Point of view regarding LISA 2002
Tue Oct 1 21:19:02 2002
Anthony E. Greene schrieb:
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> On 01-Oct-2002/18:11 +0200, markus_kampkoetter
> <email@example.com> wrote:
> >Michael Tokarev schrieb:
> >> Adam Shostack wrote:
> >> 
> >> > Now, are these GPG's fault? In most cases, no, they're not. But
> >> > they're problems that we need to address to get say, 10% of the email
> >> > on the net to be encrypted. And if thats a goal, then we need to
> >> > examine the things that are preventing us from hitting it.
> >> Yeah - learn users to encrypt their emails and there will be
> >> many problems with viruses who will try to use encryption too
> >> thus making it impossible to detect in-transit... Oh well... ;)
> >> /mjt
> >i do not agree with you. at least you will know for sure who sent the
> >virus to you ;))) and worms cannot use cryptotechnology easily.
> >(one day later)
> >or can they? is it possible to write a script that automatically encrypts
> >to all the keys on ones keyring and sends itself to the corresponding
> >addresses? even if, it never will be able to sign.
> How about a worm that does this when run:
WHEN RUN! apart from m$outlook, which mua allows attachments to be run without
asking the user?
> 1. Read the userids of the keys on the public keyring. Make note
> of the userid of the first key.
> 2. Create a separate secring and pubring using the userid from the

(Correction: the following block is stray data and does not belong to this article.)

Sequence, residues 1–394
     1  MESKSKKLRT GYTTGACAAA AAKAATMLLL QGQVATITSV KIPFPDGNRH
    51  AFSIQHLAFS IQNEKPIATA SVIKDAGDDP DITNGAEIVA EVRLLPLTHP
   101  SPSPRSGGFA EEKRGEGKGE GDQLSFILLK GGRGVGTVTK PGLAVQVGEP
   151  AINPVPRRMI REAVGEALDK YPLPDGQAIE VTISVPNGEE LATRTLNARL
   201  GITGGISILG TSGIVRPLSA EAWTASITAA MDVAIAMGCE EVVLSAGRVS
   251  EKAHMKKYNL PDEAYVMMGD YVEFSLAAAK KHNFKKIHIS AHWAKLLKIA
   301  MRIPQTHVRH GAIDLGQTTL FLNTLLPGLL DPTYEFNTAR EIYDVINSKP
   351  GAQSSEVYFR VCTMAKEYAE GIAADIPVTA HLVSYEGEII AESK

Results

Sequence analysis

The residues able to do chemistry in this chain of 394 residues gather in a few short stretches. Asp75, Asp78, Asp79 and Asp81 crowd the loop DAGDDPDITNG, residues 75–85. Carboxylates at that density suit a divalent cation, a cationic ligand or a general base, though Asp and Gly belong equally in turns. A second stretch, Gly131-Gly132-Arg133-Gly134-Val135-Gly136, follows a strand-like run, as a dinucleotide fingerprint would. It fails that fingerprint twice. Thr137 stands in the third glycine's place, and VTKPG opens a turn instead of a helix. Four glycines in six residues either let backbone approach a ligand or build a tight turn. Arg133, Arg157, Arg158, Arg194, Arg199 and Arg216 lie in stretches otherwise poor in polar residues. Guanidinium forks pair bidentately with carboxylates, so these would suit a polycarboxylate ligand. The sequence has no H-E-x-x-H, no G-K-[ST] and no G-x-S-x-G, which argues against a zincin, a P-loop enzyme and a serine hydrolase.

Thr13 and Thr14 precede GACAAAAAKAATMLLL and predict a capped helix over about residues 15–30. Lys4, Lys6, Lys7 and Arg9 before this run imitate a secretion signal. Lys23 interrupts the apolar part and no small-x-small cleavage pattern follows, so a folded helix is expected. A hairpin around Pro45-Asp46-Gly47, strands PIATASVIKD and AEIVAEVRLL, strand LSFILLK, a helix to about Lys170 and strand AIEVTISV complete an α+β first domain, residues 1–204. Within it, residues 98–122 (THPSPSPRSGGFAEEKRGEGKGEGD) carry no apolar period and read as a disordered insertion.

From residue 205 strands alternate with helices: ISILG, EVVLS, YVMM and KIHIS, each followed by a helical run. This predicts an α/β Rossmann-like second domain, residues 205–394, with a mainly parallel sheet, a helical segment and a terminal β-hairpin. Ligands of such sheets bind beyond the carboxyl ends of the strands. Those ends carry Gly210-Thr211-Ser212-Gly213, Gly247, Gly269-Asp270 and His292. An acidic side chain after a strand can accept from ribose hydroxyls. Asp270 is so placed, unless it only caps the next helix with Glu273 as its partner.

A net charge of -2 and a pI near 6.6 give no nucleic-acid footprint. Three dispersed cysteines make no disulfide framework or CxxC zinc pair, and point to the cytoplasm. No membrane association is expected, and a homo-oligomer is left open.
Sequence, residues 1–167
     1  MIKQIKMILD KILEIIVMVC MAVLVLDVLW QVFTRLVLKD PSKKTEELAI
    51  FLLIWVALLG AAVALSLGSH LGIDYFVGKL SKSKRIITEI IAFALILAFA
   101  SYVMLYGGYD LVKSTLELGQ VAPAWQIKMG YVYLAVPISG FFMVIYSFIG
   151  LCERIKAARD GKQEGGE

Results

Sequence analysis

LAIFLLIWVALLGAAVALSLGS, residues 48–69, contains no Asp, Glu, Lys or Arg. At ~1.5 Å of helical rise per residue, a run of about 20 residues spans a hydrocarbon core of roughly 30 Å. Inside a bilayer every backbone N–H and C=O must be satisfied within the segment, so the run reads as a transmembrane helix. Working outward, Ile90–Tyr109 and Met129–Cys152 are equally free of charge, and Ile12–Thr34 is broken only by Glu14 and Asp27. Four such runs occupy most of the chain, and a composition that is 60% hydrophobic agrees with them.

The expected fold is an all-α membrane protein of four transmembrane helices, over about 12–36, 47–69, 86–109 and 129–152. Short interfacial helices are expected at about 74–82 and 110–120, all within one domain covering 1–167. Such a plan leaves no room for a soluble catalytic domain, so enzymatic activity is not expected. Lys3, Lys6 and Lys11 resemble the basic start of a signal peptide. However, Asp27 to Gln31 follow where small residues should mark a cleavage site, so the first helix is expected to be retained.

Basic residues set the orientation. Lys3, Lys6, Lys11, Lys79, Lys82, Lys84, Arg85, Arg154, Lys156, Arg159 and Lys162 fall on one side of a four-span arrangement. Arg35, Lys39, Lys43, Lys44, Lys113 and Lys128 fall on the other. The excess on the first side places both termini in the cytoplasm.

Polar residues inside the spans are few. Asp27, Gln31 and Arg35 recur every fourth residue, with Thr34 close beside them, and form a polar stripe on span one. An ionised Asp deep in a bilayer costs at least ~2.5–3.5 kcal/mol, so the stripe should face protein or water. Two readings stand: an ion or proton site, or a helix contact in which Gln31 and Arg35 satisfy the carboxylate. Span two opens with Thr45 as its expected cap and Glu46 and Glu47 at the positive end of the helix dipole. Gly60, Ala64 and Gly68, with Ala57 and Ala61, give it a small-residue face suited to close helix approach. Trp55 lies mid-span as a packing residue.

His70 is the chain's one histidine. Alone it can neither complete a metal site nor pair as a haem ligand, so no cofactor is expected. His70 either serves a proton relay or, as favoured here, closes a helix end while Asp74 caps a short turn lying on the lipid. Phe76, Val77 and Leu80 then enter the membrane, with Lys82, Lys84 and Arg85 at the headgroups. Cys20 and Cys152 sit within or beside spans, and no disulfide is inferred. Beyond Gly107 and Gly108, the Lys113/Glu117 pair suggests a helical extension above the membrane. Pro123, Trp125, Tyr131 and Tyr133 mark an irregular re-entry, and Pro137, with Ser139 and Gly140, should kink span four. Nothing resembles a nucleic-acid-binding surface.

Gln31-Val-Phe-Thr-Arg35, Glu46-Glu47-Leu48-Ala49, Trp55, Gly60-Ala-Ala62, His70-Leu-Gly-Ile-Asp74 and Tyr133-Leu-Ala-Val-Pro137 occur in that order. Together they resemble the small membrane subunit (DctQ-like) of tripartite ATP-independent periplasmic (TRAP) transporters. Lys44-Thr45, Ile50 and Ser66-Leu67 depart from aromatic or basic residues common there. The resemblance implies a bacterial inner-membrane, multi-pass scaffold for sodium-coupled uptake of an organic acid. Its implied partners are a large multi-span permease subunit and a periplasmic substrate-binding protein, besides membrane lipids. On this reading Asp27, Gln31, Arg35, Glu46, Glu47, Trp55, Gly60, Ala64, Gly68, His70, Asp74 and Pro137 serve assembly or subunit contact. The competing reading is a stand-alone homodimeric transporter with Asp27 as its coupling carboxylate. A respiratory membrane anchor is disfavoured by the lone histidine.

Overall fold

> first key on the original public keyring.
> 3. Upload this key to multiple keyservers.
> 4. Send itself as an encrypted attachment to each recipient on the
> original pubring. Sign the message with the newly created key.
> If the recipient is configured to automatically fetch keys as needed, and
> is reading mail online, they may not realize that the key used to verify
> the sig was just fetched. People generally do not pay that much attention
> to key IDs. Even if they notice the fetching operation, they might not
> that that it was significant. The attachment would look legitimate and the
> recipient might run the executable, thinking that it is safe because it
> was signed and encrypted from someone they know.i
nice hack, so we have to take a close look at the key if an executable is
attached and not run executables until we asked the "original" sender to confirm
"his" action. seems to be easy to avoid this kind of attack (because hardly
anybody will run executables that they do not expect in advance) - too easy....?